This practical text describes how to use a desk-top computer to monitor and control laboratory experiments. Stephen Derenzo clearly explains how to design electronic circuits and write computer programs to sense, analyze and display real-world quantities, including displacement, temperature, force, sound, light, and biomedical potentials. He includes numerous laboratory exercises and appendices that provide practical information on microcomputer architecture and interfacing, including complete circuit diagrams and component lists. A very basic knowledge of electronics is assumed, making the book ideal for college-level laboratory courses and for practicing engineers and scientists.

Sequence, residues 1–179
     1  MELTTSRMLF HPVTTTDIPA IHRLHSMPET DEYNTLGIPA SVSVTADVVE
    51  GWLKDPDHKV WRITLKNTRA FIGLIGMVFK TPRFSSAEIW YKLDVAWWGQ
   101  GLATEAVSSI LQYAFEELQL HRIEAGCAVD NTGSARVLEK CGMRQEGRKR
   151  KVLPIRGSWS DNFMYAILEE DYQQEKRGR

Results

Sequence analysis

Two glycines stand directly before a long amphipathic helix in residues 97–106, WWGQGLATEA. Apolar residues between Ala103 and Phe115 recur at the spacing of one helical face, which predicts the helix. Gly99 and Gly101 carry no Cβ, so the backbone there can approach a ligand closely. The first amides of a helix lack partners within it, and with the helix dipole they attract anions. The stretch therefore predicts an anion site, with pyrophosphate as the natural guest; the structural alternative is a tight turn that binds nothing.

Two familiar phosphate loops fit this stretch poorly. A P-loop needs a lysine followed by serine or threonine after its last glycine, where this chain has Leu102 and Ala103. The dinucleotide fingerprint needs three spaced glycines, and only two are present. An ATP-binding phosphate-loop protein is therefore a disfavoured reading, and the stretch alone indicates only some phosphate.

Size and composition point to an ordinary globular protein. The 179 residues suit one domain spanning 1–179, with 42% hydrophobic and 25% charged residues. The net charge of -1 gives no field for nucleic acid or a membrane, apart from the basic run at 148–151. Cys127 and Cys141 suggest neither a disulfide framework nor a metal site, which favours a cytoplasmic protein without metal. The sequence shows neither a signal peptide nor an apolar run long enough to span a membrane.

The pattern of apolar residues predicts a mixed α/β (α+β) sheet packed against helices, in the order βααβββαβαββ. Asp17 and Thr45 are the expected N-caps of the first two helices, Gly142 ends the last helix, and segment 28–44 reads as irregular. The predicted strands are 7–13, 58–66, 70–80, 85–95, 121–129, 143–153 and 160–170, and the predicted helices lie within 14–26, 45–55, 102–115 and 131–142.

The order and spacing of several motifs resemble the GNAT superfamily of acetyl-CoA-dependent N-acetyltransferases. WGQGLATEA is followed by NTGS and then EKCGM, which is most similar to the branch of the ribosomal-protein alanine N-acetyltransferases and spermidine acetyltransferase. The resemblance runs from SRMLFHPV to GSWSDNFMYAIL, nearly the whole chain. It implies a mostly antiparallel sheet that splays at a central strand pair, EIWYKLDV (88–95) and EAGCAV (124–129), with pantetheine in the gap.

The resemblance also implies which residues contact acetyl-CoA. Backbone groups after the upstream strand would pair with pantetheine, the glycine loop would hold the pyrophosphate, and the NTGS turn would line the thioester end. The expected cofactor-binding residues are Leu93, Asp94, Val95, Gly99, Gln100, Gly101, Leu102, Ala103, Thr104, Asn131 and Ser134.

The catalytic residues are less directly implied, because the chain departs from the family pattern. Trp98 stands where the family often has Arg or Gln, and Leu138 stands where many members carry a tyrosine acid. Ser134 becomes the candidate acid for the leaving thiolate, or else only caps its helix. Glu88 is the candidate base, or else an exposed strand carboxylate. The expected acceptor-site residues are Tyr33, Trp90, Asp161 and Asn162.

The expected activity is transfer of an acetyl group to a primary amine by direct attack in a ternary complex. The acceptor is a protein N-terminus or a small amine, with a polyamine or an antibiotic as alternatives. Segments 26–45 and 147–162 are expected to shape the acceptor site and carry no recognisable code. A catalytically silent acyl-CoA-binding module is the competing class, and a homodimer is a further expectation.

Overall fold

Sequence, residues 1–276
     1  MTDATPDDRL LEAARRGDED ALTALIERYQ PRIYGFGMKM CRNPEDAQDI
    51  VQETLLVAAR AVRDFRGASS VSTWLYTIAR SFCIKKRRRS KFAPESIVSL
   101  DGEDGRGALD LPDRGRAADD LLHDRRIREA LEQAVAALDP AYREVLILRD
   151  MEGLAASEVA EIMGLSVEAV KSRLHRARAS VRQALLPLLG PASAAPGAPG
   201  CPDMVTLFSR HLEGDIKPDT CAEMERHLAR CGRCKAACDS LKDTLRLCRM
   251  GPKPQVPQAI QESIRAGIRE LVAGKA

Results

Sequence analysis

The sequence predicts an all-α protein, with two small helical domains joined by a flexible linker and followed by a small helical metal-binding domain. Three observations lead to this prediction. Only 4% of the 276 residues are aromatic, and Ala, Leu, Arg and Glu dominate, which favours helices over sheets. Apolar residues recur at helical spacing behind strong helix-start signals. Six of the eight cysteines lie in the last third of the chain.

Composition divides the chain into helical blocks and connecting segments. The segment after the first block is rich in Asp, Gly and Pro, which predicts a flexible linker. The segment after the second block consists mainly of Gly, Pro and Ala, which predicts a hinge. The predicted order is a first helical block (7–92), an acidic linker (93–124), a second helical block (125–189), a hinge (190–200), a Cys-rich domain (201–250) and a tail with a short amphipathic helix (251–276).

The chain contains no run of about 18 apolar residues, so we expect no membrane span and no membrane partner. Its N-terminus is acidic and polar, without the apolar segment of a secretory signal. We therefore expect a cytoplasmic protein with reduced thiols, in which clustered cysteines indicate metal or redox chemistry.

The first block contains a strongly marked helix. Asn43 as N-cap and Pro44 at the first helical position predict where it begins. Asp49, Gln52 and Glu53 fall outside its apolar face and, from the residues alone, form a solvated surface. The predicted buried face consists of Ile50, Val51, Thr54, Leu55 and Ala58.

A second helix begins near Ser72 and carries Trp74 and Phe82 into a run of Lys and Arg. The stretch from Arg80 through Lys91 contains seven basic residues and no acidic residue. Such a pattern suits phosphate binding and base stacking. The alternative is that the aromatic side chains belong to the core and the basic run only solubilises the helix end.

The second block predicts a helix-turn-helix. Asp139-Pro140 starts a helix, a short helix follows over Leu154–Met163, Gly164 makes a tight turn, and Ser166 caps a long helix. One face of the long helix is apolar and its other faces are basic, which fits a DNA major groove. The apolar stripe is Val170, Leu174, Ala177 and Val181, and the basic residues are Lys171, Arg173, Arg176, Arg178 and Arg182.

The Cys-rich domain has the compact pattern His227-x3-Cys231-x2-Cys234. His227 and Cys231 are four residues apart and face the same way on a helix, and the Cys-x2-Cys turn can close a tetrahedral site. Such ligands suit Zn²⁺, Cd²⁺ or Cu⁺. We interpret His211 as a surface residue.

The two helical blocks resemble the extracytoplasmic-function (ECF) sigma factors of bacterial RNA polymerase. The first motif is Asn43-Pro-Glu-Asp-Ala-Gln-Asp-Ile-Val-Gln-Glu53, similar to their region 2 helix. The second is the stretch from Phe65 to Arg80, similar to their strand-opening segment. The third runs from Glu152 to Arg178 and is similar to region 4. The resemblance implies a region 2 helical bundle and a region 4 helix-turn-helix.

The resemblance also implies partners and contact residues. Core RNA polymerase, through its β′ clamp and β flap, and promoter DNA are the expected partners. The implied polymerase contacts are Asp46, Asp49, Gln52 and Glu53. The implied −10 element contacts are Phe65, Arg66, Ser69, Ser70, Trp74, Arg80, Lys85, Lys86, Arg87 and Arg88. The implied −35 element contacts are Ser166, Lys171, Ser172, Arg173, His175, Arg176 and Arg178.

|Publisher:||Cambridge University Press|
|Edition description:||New Edition|
|Product dimensions:||6.85(w) x 9.72(h) x 1.34(d)|
Table of Contents
Preface; 1. Digital tools; 2. Analog tools; 3. Analog-digital conversion and sampling; 4. Sensors and actuators; 5. Data analysis and control; Appendix A. Grounding and shielding; Appendix B. Experimental uncertainties; Appendix C. C programming hints; Appendix D. Numerical methods and C functions; Appendix E. Summary of data translation DT3010 PCI plug-in board; Appendix F. Using the digital oscilloscope to record waveforms; Appendix G. Electrical hazards and safety; Appendix H. Standard resistor and capacitor values; Appendix I. Ascii character codes; Appendix J. Glossary; Index.